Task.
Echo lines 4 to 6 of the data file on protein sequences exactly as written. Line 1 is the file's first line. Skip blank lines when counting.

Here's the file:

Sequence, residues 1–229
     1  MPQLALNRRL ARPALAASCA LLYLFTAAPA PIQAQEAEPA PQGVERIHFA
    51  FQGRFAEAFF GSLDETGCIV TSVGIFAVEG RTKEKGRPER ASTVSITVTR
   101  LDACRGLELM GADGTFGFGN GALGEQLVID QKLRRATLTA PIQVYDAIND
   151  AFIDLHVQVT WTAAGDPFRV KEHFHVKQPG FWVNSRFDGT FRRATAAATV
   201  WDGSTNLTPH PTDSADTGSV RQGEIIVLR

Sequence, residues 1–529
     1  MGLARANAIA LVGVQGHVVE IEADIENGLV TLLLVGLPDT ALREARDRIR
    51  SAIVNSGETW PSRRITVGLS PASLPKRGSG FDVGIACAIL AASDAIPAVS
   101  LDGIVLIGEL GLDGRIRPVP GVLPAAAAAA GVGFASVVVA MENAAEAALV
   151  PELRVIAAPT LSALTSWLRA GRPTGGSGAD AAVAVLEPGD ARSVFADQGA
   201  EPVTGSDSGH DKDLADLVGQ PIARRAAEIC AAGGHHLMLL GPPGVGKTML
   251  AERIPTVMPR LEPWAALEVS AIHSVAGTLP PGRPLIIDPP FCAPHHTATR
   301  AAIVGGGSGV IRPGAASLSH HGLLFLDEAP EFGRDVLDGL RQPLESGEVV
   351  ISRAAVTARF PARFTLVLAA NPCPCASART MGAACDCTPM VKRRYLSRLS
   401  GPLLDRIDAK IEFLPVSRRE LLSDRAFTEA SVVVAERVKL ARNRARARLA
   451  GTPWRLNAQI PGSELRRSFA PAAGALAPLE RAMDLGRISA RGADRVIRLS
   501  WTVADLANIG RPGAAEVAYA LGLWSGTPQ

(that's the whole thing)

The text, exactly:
   101  LDACRGLELM GADGTFGFGN GALGEQLVID QKLRRATLTA PIQVYDAIND
   151  AFIDLHVQVT WTAAGDPFRV KEHFHVKQPG FWVNSRFDGT FRRATAAATV
   201  WDGSTNLTPH PTDSADTGSV RQGEIIVLR